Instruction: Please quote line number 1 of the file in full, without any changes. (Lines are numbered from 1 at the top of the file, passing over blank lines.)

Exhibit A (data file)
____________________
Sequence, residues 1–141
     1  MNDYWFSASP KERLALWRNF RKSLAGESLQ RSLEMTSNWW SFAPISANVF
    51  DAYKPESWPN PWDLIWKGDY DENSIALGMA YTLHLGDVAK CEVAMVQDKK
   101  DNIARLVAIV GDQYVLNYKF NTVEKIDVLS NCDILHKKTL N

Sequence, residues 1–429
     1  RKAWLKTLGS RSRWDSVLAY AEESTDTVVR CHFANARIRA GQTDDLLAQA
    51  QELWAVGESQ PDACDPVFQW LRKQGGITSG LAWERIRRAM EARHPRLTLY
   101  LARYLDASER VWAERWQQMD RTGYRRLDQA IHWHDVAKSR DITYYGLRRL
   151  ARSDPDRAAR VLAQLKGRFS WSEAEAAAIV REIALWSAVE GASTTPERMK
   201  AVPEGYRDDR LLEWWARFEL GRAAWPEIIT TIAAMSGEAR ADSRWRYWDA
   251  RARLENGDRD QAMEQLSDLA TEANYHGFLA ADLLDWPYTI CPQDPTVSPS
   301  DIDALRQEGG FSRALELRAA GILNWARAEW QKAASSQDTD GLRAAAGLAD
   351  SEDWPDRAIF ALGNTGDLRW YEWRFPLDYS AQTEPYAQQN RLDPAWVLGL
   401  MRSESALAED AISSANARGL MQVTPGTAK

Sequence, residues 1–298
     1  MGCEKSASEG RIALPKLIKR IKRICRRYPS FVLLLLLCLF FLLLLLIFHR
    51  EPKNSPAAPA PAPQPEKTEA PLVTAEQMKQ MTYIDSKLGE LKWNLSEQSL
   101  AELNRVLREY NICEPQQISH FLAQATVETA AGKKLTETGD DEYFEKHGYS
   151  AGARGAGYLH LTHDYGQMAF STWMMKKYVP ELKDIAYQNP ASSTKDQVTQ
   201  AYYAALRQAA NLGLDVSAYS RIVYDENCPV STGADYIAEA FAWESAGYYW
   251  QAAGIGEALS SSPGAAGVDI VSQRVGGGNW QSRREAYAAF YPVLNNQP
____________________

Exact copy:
Sequence, residues 1–141